A surprise addition was the red Star Wars light sabre that Paul got one of his best men to hide under the cake table. As everyone gathered to watch us cut the cake, Paul picked up the light sabre to cut it with. The look on people’s faces was priceless!
Our wedding cake was by Jenny Wenny Cakes. We are fortunate to have an extremely talented cake artist as a friend. Jenny travelled from California, laden with giant cake pans, to attend our wedding and make our wedding cake.
Paul and I were inspired after attending a screening of the 1925 silent film ‘The Lost World’. We had a crazy idea for our cake to be a flat-topped mountain like Mount Roraima in South America, with us (the bride and groom) on top, fending off dinosaurs with an Indiana Jones style whip and flaming torch.
Jenny rose to the challenge and created our mountain complete with waterfall using a delicious two-tiered cake — carrot cake with cranberries, raisins and walnuts, and also vanilla cake with vanilla cream and raspberries.
The cake toppers were made by Fernanda Rodriguez (again based in California). The diorama was completed with dinosaur models, sourced by Paul and best Man Aaron on a fun trip around the toy stores of Bristol.
As if that wasn’t enough, Jenny made us an ammonite shaped groom’s cake with yummy chocolate mud and chocolate ganache, and some cute vegan cupcakes topped with ammonites.
I love bold colours, and had the idea of having each of my five bridesmaids in a different colour corresponding to different gemstones – coral red, amethyst, onyx, amber and turquoise.
I didn’t realise how much of a task it would be to find five matching dresses in the right shades! In the end, I had the satin dresses made from a pattern, by 3 different seamstresses in different parts of the UK, and then added fabric roses made by Deborah Marie Bridal.
It was worth it though – my bridesmaids all looked gorgeous, and the dresses added a welcome splash of colour on a rainy day.
I bought the bridesmaids’ shoes on eBay and got them dyed in the various colours to match the bridesmaids dresses.
The Paper Moon Band: Paul and I had been learning swing dancing together, and first heard the fantastic Paper Moon Band at a dance festival in Bristol. Booking the band for our wedding was one of the best decisions we made. It’s something we’ll always remember, and one of the things our guests have commented on most as something they’ll remember too.
DJ: Our friend Jason has DJ’d for other friends weddings and parties, and always plays great music that gets people on the dance floor, so we didn’t consider anyone else. It was great to see everyone having fun, dancing the night away.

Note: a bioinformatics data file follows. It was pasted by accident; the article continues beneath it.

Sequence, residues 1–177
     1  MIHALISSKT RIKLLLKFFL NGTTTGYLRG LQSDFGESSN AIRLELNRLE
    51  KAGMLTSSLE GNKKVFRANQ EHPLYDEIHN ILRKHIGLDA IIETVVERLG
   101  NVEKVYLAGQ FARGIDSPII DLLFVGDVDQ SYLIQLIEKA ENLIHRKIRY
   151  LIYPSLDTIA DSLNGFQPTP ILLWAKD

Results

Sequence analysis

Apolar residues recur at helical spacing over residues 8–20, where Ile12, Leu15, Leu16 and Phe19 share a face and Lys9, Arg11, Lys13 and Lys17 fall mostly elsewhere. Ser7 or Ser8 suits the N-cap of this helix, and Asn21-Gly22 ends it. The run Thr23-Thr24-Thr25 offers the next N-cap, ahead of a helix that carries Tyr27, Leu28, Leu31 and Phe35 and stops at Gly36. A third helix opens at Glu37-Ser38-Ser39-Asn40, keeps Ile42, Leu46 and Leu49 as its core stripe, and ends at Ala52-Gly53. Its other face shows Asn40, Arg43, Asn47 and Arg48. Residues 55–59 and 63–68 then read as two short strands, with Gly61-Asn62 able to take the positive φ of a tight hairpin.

Donna: Personalising our wedding made it even more special. Paul and I spent a lot of time together planning, talking about what was important to us, and coming up with ideas and designs together. We made a great team. It was also great to get so many of our friends and family involved. Our parents, siblings and friends helped source details for the decorations, and find accessories for me and the bridesmaids and flowergirls. In the last couple of weeks before the wedding we had a steady stream of volunteers arriving to help make bunting, paint name places and the photobooth backdrop, decorate vintage cases, clean old bottles, sort plastic dinosaurs etc, etc. We’d never have got it all done without them!
It was wonderful to see all our ideas coming together, and to have those details on our wedding day. Not everything went to plan, but we didn’t let anything of those little things spoil our day, and I think that that’s my main advice to any Bride to Be – enjoy your day no matter what. In the end what really made the day incredible was me and Paul getting married, how much love we have for each other, and having the most fantastic celebration with the people we love.
One other little tip – We left the top table in between courses to visit each of the other tables. The day goes by at such a pace, that you don’t get as much time with everyone as you’d like, but at least this way we were able to chat to every one of our guests before the meal was over.
Paul: Be sure to get everything out of the way before the wedding day. I spent much of the morning frantically trying to get the music together on CDs, transfer my speech to cue cards (before Aaron suggested I just put it on his iPad!), and sort a few other things out. I would have preferred to spend the time with my friends and family relaxing before the event.
On the wedding day itself take some time out with your bride and disappear for a few minutes alone. The day flies by so quickly and you’ll be pleased that you took some time to reflect on the fantastic day you’ll be having.
We didn’t plan to have a particular theme. We just wanted our wedding day to reflect our personalities, and the things we’re both interested in, and that we enjoy doing together – geology (including fossils and dinosaurs), photography, dancing, nature, travel and adventure. We wanted to create a relaxed atmosphere — we never wanted the event to be overly formal. Most of all we wanted the wedding to be celebratory, and for us and our guests to have fun.
Paul’s dad drove me and my dad to Priston Mill. He even wore a chauffeurs hat. It was lovely to have Paul’s dad with us, while we negotiated fords and oncoming tractors on the country lanes leading to Priston Mill and my husband to be, who was waiting patiently for us to arrive. I was so excited and happy, and I gripped my dad’s hand the whole way.
Our wedding favours were chocolate ammonites from Chocorassics in Uplyme, They moulded the chocolates using a real ammonite which had been found in Lyme Regis on the beach where Paul proposed to me.
Our first dance track was ‘Bei Mir Bist Du Shon’ which we chose because it was good to dance. It has different paced sections — from really fast to slow. When we first met we were so bad at dancing together, that we trod all over each other’s toes. It took me a while to convince Paul, but in January we started to learn swing dancing at Swing Dance Bristol. We were hooked almost immediately. Dancing became something fun to do together, and almost an obsession — and we’ll definitely carry on going dancing now we’re back from honeymoon. One of the best things about swing dancing was that we learnt to improvise rather than learning a routine, which meant that our first dance was all about our connection with each other, and we just did whichever moves felt right at the time. It was the most perfect dance we’d had together, and was just exhilarating.